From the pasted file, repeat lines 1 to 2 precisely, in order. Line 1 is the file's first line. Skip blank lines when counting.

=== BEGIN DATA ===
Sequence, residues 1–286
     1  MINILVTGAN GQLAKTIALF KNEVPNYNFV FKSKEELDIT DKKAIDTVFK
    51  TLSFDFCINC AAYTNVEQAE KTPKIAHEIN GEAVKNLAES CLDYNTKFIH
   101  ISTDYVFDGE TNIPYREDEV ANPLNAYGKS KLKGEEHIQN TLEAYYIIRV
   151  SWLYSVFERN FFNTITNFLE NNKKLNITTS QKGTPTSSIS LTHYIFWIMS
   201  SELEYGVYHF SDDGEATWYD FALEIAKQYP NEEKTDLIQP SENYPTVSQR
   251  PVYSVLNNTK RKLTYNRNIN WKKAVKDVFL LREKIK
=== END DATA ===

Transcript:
Sequence, residues 1–286
     1  MINILVTGAN GQLAKTIALF KNEVPNYNFV FKSKEELDIT DKKAIDTVFK